Thursday, August 29, 2019

Back for a Minute...or More...or Not

Just popping back in - a year and a half after my self-imposed hiatus began - because I read this

That is an Atlantic piece by Taylor Lorenz, about Emma Chamberlain and her ilk - YouTubers and other young, Gen Z influencer types who have blown up over the past year or so.

These kids today (and they really are kids) are all about low production values (or, at least, the appearance of low production values) and embrace the kind of messy, casual aesthetic that was all the rage back when I was in high school. They're not on YouTube trying to be famous - or, at least, that's not the only reason they're there. They're just looking to share.

This is the key graf that got my attention:

While Chamberlain’s particular style may not feel accessible to all, the broader shift toward messier, less filtered content is bigger than one star or one look. “Millennials are so curated, and Gen Z is very not,” said [Abby] Adesanya [head of talent and influencers for Bustle Digital Media Group]. “Millennials used social media as a highlight reel … Gen Z is like, ‘Hey, this is what I’m doing right now, this is what I look like right now.’”
Sounds like blogging in the old days, doesn't it? Way back in 2005, when I started this blog, curating was far from my mind. Those were the days of Live Journal and MySpace. All I wanted to do was write a little about food and why and how it matters.

Over the next few years, as social media rose and internet culture evolved, I became much more conscious of how what I posted would or could be perceived and what it conveyed about me as a "brand." That's exhausting and, frankly, boring. The fact that it was on my mind all the time made blogging a chore and - in the end - it's a big part of why I stopped writing. I have a dozen half-written posts in my drafts folder. I'd have an idea, start to write about it, then start to worry about making it perfect and making sure it was an accurate reflection of "me" in a broad sense.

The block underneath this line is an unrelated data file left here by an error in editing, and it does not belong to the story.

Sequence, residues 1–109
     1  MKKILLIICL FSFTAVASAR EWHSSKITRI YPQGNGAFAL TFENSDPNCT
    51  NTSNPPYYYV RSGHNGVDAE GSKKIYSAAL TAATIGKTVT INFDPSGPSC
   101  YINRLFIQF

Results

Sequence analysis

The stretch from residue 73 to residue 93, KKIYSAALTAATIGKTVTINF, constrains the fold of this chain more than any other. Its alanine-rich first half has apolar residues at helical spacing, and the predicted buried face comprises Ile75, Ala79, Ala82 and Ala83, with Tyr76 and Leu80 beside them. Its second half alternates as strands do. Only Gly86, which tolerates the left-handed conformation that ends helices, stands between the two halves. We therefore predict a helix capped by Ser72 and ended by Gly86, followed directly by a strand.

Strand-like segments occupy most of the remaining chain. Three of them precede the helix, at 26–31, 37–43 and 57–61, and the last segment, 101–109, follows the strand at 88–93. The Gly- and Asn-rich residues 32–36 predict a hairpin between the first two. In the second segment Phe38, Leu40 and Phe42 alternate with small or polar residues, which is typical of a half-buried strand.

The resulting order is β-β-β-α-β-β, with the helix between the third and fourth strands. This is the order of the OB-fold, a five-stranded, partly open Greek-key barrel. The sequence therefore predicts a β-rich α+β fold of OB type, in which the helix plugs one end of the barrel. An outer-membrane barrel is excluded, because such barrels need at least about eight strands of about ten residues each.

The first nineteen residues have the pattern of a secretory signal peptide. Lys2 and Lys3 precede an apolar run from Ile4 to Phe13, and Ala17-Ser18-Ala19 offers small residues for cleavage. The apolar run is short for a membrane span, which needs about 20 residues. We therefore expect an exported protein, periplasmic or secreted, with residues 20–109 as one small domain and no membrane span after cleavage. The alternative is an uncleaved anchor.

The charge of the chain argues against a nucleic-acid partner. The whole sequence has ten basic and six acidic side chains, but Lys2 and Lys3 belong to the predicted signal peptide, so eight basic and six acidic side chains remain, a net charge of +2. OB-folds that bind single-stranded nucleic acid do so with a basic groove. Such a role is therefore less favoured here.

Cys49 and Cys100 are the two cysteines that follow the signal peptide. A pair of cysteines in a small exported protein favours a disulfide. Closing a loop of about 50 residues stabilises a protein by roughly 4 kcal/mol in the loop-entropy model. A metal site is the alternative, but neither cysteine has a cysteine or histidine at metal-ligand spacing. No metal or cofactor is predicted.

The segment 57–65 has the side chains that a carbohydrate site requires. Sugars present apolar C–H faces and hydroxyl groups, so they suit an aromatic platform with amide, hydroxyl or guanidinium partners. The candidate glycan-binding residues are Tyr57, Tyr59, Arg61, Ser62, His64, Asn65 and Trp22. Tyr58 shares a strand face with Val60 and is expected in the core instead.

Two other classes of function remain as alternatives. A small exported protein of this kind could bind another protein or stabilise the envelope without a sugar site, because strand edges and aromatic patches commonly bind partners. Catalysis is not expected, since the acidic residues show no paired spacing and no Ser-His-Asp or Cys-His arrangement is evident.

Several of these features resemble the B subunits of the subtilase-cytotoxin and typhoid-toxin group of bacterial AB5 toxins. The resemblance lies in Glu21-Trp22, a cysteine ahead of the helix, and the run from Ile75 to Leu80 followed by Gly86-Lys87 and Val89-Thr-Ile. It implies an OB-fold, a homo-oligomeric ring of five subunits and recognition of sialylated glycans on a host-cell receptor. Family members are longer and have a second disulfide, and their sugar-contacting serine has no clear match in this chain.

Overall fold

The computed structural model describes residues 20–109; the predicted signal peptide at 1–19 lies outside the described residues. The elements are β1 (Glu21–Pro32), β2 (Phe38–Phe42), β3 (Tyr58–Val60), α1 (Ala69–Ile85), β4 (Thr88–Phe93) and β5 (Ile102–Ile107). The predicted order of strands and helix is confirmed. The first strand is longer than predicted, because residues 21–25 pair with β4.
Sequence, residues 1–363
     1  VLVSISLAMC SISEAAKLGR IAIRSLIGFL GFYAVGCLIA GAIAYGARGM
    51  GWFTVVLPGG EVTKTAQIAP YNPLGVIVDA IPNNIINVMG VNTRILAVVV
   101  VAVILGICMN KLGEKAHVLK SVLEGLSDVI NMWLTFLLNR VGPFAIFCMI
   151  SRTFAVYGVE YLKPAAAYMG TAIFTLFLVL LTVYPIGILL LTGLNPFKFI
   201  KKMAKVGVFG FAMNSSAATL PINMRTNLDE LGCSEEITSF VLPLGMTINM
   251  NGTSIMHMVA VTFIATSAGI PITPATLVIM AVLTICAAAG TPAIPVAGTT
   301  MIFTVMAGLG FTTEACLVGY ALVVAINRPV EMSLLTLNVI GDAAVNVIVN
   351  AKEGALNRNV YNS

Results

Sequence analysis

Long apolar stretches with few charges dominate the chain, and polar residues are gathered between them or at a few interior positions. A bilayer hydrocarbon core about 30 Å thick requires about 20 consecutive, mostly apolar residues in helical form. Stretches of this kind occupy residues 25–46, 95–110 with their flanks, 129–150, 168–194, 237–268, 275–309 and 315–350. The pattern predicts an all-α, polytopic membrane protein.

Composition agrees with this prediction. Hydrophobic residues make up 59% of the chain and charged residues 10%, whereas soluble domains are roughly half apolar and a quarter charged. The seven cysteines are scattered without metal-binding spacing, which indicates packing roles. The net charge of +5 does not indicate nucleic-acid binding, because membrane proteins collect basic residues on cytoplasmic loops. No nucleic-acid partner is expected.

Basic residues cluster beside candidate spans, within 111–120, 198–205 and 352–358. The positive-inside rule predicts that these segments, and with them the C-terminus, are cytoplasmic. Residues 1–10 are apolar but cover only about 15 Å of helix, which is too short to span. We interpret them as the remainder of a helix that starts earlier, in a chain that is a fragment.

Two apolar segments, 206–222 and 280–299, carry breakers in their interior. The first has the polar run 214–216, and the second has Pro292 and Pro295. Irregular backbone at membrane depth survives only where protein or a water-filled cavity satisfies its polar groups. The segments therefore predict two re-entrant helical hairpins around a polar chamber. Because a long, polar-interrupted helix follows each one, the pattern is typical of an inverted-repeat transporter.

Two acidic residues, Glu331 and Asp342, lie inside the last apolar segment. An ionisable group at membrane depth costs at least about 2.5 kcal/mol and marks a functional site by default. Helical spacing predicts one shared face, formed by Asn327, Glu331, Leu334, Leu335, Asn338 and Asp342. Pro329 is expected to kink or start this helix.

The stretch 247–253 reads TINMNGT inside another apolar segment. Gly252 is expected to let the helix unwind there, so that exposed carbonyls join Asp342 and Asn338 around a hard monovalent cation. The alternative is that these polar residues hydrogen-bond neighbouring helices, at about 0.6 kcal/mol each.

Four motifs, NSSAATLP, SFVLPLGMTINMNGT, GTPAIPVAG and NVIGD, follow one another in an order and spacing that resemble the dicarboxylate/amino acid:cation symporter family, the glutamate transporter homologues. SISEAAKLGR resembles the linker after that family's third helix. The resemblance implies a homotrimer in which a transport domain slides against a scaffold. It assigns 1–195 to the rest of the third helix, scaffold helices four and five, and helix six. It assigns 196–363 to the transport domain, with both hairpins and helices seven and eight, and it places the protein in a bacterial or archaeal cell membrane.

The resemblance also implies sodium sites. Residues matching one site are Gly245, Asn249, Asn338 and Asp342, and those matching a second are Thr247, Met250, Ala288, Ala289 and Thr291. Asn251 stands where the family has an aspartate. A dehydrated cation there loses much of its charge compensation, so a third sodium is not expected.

That was dumb. 

In the early days, I just wrote and quickly skimmed for horrific typos then hit post. I didn't worry about including images in every post or having Google-friendly headlines or anything related to the Brand Called Kit. I didn't worry about whether or not anybody was going to read what I wrote (I assumed that nobody would). I just thought about the topic and what I was learning and thinking and what questions I had.

These days, I've scaled back on my writing overall, but I'm still doing a decent amount of food writing - restaurant reviews and a weekly restaurant events column, both for Baltimore Fishbowl. That's different from the windy, never-really-sure-it-has-a-point writing I used to do about food as a big, broad, cultural subject.

I miss that writing, even if it was sometimes aimless. In the early days, it made me happy and - as a side benefit - I learned a lot about what others thought and what I think.

I might get back to it. I might not...but I might and I hope I do. And if - when - that happens, apparently I should thank Gen Z for the push.


Anonymous said...

And praise be to RSS feeds, which have gone out of style even though they're awesome. That's the only reason I'm here for your new post today.

Kit Pollard said...

Oh wow! RSS feeds! I had almost forgotten about those. But you're right - they're so useful!


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